Maybe it’s not so benign after all. Producer prices rose 1.0% in July, the Bureau of Labor Statistics reports. As with yesterday’s news on consumer prices, removing food and energy from the equation lessens the pricing momentum, bringing the PPI pace of advance down to 0.4% last month. But 0.4% ain’t hay.

In fact, 0.4% is the highest monthly rise in the so-called core producer price index since January’s 0.7%. As a result, core PPI now running at 2.8% over the past 12 months—the highest since 1995. Yes, Virginia, that’s 1995.
Inflation, if you haven’t yet caught the drift, isn’t quite dead. That fact promises threatens to be front and center when the Fed convenes its next Federal Open Market Committee meeting on September 20. Indeed, today’s PPI report all but insures that another 25-basis-point hike in Fed funds is coming. The news on wholesale prices “raises the probability that the Fed will not pause [in its raising of interest rates] this year,” Anthony Chan, senior economist at J.P. Morgan Asset Management tells Reuters today.
This all comes after last week’s FOMC statement that core inflation “has been relatively low in recent months….” Perhaps it’s time for the Fed to rethink.
At the same time, the PPI-driven inflation news is a double-edged sword for the bond market, and the economy overall. The 1.0% increase in the top-line PPI number for July was clearly driven by energy prices. Ditto for yesterday’s CPI report. If nothing else, investors are being reminded that higher energy prices are more than casually connected to inflation.
The dilemma is deciding whether higher energy prices will, in addition to sparking higher inflation, also derail the economy. But which peril takes priority? Inflation or recession? The fixed-income set was pondering just that today. The day’s conclusion: inflation was the bigger threat. Traders sold the 10-year in today’s session to the point that the yield retraced most of what it lost in the rally on Tuesday. As such, the benchmark Treasury sits at roughly 4.3% vs. 4.2% from the day before.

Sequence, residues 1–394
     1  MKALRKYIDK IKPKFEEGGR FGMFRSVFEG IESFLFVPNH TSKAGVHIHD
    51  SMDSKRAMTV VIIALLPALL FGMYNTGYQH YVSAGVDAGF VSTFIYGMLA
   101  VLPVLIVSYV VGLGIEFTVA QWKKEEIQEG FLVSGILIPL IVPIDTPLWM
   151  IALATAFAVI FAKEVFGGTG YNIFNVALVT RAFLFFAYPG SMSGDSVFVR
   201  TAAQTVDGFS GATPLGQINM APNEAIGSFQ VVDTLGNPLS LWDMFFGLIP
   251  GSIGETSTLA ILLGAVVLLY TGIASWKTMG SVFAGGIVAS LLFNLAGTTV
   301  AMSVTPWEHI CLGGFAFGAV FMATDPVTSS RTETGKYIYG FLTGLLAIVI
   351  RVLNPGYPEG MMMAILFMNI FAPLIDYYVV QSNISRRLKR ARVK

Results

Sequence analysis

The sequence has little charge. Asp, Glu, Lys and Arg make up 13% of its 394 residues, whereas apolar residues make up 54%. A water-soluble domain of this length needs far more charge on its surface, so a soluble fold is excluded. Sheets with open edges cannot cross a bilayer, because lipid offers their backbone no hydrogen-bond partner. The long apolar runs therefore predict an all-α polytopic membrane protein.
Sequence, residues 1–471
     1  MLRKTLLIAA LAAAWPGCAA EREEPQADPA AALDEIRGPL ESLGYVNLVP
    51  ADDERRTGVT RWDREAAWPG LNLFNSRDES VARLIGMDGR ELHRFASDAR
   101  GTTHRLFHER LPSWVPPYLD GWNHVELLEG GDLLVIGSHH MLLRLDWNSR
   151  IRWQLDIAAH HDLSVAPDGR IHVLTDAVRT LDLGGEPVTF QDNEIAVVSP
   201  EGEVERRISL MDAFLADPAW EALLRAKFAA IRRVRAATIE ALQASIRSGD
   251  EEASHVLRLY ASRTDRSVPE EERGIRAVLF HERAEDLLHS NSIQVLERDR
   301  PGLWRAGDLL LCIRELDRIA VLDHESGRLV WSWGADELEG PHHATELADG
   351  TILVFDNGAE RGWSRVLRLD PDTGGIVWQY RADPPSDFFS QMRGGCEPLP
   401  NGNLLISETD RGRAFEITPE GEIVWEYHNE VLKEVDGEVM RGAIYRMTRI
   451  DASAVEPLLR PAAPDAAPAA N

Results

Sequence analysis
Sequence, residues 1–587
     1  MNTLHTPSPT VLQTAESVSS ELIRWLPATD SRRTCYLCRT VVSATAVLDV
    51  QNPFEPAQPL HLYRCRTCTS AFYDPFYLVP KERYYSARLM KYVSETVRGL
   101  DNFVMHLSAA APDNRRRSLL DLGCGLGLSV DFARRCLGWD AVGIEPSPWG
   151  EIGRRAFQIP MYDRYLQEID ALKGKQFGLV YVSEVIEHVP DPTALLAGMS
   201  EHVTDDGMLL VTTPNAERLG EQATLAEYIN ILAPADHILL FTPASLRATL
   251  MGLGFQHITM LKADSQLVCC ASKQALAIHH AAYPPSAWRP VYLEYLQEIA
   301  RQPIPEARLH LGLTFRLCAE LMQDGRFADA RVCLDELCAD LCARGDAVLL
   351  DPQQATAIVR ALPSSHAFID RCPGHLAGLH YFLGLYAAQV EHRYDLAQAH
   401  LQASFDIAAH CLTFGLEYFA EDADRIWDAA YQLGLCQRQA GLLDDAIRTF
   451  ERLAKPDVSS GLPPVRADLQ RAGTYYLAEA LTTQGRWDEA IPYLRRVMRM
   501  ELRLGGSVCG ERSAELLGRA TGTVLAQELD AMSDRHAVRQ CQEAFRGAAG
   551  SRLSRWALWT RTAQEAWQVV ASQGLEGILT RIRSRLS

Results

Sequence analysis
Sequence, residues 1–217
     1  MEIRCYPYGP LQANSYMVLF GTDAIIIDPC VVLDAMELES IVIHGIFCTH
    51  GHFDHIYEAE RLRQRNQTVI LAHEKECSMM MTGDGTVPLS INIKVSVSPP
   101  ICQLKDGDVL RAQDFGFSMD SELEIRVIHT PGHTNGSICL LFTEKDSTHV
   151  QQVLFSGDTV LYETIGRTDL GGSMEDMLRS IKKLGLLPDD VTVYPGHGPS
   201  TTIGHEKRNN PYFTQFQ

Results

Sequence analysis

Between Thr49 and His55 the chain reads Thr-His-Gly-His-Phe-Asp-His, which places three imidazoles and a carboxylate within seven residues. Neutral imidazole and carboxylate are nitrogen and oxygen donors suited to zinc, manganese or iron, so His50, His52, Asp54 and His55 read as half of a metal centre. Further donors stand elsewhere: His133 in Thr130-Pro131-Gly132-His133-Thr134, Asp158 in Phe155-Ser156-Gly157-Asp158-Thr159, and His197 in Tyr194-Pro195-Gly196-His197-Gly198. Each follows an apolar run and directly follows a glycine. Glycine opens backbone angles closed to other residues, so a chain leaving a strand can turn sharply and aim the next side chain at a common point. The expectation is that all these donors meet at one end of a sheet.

If there’s a case to be made for recession, the stock market wasn’t buying into the fear, at least not today. The S&P 500 inched higher by 0.2% on the day. The leading names in the index moving higher were Hewlett-Packard, General Electric and Microsoft—companies that rely in no small part on a growing economy.
Equity investors also took heart from the news that the big losers in the S&P 500 today were oil stocks, including ExxonMobil, ConocoPhillips, and Chevron. No surprise here, considering that oil prices dropped sharply today—down nearly $3 a barrel in New York futures trading, the biggest daily drop in recent memory.
One day a trend does not make, as they say. Oil’s still high and bond yields are still relatively low. As such, there are several questions that loom over the markets, including: Is today’s oil-price decline the start of a longer correction? Gaining some insight on that topic will help convince investors, one way or another, if an economic slowdown, if not recession, awaits.
Meanwhile, it’s business as usual on Wall Street, which is to say that short-term trading retains the allure of the moment over buy and hold. Indeed, the VIX index, a measure of the equity market’s price volatility, is on the rise this month. We’re all day trader’s now.